For 38 years, Krauthammer’s columns, essays, and lectures have stood as pillars of conservative principle and moral clarity. On foreign policy matters, he was unquestionably the most radiant intellectual hawk in America, and on Middle East affairs he was the most consistent defender of Israel and the US-Israel special relationship.
Two examples of his razor-sharp writing regarding Israel and American Mideast policy will suffice, among hundreds of exhibits. Krauthammer wrote in 2014 about “Kafkaesque ethical inversions” that make for Western criticism of Israel. “The world’s treatment of Israel is Orwellian, fueled by a mix of classic antisemitism, near-total historical ignorance and reflexive sympathy for the ostensible Third World underdog,” he wrote. He understood that eruptions featuring Palestinian casualties (such as recent Hamas assaults on the Gaza border) were “depravity.”
“The whole point is to produce dead Palestinians for international television; to deliberately wage war so that your own people can be telegenically killed; indeed, moral and tactical insanity,” he said. “But it rests on a very rational premise. The whole point is to draw Israeli counter-fire; to produce dead Palestinians for international television, and to ultimately undermine support for Israel’s legitimacy and right to self-defense.”
In 2015, he repeatedly skewered then-president Barack Obama’s nuclear deal with Iran, calling it “the worst agreement in U.S. diplomatic history.” To Obama, he wrote accusingly: “You set out to prevent proliferation and you trigger it. You set out to prevent an Iranian nuclear capability and you legitimize it. You set out to constrain the world’s greatest exporter of terror threatening every one of our allies in the Middle East and you’re on the verge of making it the region’s economic and military hegemon.”
Krauthammer’s profound understanding of Jewish history, his admiration for Israel, and his very deep concern for its future were on fullest display in a magisterial essay he published in The Weekly Standard in 1998 entitled “At Last, Zion.” The essay conducted a sweeping analysis of Jewish peoplehood, from Temple times and over 2,000 years of Diaspora history to the modern return to Zion.
Krauthammer understood that American Jewry was dying. “Nothing will revive the Jewish communities of Eastern Europe and the Islamic world. And nothing will stop the rapid decline by assimilation of Western Jewry.” The dynamics of assimilation were inexorable in America and elsewhere, he wrote. Israel, Krauthammer understood, was different. “Exceptional,” he called it – because Israel was about “reattachment of Russian and Romanian, Uzbeki and Iraqi, Algerian and Argentinean Jews to a distinctively Hebraic culture,” and this gave it civilizational and societal staying power for the long term.
Israel “is now the principal drama of Jewish history,” he wrote. “What began as an experiment has become the very heart of the Jewish people – its cultural, spiritual, and psychological center, soon to become its demographic center as well. Israel is the hinge. Upon it rest the hopes – the only hope – for Jewish continuity and survival.” However, because the “cosmology of the Jewish people has been transformed into a single-star system with a dwindling Diaspora orbiting around,” Krauthammer was apprehensive. It frightened him that “Jews have put all their eggs in one basket, a small basket hard by the waters of the Mediterranean. And on its fate hinges everything Jewish.”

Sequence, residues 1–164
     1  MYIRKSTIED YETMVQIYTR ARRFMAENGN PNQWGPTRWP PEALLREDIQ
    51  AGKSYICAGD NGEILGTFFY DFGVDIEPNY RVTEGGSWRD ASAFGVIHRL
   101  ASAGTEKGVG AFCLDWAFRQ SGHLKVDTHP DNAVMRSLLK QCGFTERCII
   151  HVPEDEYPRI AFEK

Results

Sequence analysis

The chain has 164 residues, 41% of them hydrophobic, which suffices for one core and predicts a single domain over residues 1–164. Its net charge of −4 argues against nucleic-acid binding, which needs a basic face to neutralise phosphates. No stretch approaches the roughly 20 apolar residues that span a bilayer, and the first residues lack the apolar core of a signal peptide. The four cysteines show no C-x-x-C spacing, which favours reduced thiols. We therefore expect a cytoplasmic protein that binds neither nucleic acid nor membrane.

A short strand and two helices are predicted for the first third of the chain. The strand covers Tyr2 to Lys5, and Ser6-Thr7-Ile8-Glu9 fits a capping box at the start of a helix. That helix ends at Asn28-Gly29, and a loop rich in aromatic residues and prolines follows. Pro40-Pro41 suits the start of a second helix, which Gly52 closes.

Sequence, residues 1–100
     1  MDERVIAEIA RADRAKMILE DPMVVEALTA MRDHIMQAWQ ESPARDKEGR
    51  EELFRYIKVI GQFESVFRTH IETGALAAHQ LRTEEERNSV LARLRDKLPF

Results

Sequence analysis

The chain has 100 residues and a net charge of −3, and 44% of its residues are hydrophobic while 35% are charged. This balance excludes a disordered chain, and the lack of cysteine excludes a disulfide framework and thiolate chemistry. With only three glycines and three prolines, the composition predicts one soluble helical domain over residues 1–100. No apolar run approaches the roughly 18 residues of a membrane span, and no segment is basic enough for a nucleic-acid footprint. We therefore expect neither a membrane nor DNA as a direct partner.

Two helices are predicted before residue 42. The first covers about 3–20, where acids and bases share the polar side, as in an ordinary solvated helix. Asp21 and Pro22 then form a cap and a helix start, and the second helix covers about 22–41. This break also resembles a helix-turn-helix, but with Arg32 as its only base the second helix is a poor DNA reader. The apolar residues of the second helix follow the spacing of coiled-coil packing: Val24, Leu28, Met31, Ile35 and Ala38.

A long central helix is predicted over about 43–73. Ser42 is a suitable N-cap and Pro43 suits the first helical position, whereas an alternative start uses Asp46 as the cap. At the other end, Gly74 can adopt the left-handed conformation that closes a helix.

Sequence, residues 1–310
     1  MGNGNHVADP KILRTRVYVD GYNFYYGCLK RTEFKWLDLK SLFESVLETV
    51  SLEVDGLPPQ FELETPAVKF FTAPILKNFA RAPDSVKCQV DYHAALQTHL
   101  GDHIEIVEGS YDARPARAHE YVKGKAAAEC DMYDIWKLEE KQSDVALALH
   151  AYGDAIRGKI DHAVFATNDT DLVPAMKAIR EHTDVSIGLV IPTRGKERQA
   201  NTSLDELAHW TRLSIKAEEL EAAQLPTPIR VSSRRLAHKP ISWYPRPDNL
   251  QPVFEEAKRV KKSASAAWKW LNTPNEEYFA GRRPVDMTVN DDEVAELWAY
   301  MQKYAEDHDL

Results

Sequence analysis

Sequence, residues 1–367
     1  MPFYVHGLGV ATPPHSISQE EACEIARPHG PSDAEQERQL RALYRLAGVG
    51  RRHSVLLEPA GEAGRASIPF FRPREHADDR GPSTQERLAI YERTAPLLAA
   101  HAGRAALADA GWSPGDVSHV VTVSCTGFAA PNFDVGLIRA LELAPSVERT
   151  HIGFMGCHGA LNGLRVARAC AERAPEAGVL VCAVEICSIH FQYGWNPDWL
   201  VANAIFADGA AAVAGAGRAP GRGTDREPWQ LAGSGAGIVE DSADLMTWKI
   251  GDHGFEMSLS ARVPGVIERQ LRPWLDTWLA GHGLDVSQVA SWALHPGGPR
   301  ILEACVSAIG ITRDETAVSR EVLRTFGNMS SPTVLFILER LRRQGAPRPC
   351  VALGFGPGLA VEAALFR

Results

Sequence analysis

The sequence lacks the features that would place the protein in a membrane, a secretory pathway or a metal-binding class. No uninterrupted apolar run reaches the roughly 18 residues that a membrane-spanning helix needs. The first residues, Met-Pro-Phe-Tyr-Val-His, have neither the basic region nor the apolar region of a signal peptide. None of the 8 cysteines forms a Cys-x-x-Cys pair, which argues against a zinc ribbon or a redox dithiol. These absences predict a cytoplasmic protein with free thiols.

Israel’s centrality, he feared, was a “bold and dangerous new strategy for Jewish survival” because of the many security threats posed to the country, chiefly among them the specter of Iranian nuclear weapons. Indeed, Krauthammer’s essay “thinks the unthinkable” and “contemplates Israel’s disappearance.” And while Jewish political independence has been extinguished twice before and bounced back following centuries of dispersion, Krauthammer doubted that the Jewish People could pull the trick again. “Twice Jews defied the norm [and survived Diaspora]. But never, I fear, again.”…
CIJR Wishes All Our Friends & Supporters: Shabbat Shalom!
On Topic Links
Charles Krauthammer, Pulitzer Prize-Winning Columnist and Intellectual Provocateur, Dies at 68: Adam Bernstein, Washington Post, June 21, 2018—Charles Krauthammer, a Pulitzer Prize-winning Washington Post columnist and intellectual provocateur who championed the muscular foreign policy of neoconservatism that helped lay the ideological groundwork for the 2003 U.S.-led invasion of Iraq, died June 21 at 68.
Ending The ‘Theater of the Absurd’ At The UNHRC: Gregg Roman, The Hill, June 20, 2018—It is possible that there is no more misplaced and absurdly titled international body than the United Nations Human Rights Council. Though the name sounds noble, its work is anything but, so it is entirely correct that the United States no longer plays along with this macabre charade and has officially withdrawn from the organization.
Why are We Backing UNRWA, the United Nations’ Permanent Inciter?: Bradley Martin, American Spectator, May 23, 2018—After the latest violence in Gaza, it is clear that the United Nations Relief and Works Agency’s continuous support of Palestinian terrorism is a major cause of instability in the Middle East and should be defunded.
Conference: Reforming UNRWA (Video): BESA Center, March 18, 2018—“Palestine refugees” have been exceptionally indulged by the international community for 70 long years. Consider the ways: They should not even have been classified as refugees, they had the unprecedented benefit of a relief agency created exclusively for their welfare (the United Nations Relief and Works Agency, or UNRWA), and they uniquely can pass on the “refugee” status to future generations.